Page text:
Michael Hafftka’s Human Universe
By George Franklin

Hafftka’s work speaks to us directly, without words or “concepts”, both viscerally and spiritually. The work embodies subtle moral values born of sensitivity to human suffering or joy, yet is free of easy propaganda, provocation, or political cant. In his thirty years as a painter and printmaker, Michael Hafftka has produced a powerful body of work that, keeping faith with the tradition of Western art in surprising and innovative ways, reflects vital human concerns. Hafftka’s work is represented in the permanent collections of The Metropolitan Museum, The Museum Of Modern Art, The San Francisco Museum of Modern Art, The Brooklyn Museum, and other museums. He has had one-man shows at numerous galleries in the U.S and abroad.

Many of Hafftka’s paintings portray figures in isolation, while many others depict figures in relation to each other or in the process of forming rudimentary communities. While frequently conveying the feeling and texture of suffering, they can also be humorous and playful. They can be tender and touching or frightening and overwhelming. Always, however, they employ a unique painterly skill, a skill that has become increasingly evident over the years.

In much of the work executed over the last year, themes of violence and spirituality, fragmentation and community, pain and the possibility of an ennobling response to pain are subtly counterpointed. Hafftka is a lifelong New Yorker, and was of course powerfully affected by last year’s events. His work is a response, though never merely a literal response, to what has moved him. “Battlefield”, for example, is a wrenching painting in which a mythic bull erupts into a dense and turbulent space that engulfs two human figures. The painting is an ambitious orchestration of complex contrasts. “Prayer”, on the other hand, is a quiet, harmonious painting, deploying a masterful use of color, in which a maternal figure with a delicately suggested cityscape at her back prays over a small group of citizens. The painting evokes an ideal sense of community that is an antidote to the disruption depicted in “Battlefield”.  In “Crouching Boy” a whorl of protective color seems to surround the solitary troubled figure of the boy. It is as though the artist himself felt instinctively moved to protect his creation, who could stand for any child or youth, and we, as viewers, are touched with a sense of human vulnerability and our need to care for one another. This painting seems poised midway between the threatening world of “Battlefield” and the restored community of “Prayer”. In these and other works in the show Hafftka’s commitment to affirm what the American poet Charles Olson has called “the human universe” are fully on display.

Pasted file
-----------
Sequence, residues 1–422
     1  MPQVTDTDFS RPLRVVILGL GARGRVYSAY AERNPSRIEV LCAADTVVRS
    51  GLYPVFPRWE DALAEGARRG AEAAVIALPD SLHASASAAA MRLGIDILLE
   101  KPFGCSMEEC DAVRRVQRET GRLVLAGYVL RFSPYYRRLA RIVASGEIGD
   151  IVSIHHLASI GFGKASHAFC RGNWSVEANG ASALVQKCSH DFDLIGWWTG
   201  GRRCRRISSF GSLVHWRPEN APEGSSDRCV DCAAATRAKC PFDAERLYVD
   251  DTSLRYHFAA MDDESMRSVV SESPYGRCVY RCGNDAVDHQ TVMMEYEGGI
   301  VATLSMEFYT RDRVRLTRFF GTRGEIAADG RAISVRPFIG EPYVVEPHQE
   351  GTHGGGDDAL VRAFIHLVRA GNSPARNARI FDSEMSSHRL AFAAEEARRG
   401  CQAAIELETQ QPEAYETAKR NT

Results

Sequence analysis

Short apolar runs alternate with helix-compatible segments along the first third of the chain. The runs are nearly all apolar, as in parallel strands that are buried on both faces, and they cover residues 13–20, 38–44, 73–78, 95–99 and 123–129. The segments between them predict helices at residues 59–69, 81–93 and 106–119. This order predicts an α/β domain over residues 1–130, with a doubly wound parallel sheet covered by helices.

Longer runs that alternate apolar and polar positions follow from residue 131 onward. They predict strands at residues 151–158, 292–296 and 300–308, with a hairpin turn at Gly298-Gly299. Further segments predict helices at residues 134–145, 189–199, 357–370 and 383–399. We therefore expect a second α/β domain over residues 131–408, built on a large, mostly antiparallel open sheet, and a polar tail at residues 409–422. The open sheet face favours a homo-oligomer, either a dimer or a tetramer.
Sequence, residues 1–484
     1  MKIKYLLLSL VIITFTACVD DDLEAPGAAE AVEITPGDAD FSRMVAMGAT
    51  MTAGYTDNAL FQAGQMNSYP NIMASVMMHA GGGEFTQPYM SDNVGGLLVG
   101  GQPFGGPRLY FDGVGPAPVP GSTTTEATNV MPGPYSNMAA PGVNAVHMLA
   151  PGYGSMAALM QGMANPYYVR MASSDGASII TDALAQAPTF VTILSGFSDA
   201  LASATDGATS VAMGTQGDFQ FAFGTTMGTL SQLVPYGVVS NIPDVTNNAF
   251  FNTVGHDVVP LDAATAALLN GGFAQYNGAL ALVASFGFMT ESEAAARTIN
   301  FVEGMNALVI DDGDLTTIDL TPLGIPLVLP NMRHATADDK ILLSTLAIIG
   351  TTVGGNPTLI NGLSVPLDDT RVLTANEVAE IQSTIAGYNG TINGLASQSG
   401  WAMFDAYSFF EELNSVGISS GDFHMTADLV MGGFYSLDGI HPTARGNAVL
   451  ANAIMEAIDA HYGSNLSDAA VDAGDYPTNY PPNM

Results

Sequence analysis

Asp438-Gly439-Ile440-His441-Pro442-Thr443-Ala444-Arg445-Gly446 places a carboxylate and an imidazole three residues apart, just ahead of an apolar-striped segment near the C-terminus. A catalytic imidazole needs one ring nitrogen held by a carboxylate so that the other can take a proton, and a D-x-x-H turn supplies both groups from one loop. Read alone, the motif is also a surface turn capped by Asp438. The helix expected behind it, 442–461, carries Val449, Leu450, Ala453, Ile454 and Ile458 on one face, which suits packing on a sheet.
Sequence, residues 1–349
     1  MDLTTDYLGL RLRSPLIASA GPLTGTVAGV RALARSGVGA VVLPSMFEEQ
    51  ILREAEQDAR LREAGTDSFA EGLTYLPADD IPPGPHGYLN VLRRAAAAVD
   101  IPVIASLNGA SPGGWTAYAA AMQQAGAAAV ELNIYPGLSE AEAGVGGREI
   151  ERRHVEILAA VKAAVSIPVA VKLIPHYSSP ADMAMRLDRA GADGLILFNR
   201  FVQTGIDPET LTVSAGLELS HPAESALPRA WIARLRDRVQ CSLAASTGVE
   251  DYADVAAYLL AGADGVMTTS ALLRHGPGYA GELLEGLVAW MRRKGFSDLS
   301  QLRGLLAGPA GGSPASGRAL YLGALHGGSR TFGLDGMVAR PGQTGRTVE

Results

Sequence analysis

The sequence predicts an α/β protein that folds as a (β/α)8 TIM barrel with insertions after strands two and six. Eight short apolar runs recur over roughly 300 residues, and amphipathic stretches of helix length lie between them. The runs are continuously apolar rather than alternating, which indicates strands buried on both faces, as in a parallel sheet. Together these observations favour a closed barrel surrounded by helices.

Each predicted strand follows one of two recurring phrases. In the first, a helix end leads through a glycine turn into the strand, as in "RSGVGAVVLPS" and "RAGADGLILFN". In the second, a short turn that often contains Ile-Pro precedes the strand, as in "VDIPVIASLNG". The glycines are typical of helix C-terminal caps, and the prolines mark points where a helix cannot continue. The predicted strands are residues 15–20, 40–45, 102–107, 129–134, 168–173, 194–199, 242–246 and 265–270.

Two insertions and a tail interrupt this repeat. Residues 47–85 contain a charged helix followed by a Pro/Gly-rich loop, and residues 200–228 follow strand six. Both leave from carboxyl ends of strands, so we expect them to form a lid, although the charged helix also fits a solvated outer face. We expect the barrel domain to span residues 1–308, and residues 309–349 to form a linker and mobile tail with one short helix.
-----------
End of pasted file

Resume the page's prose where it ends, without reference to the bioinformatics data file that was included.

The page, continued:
© George Franklin 2002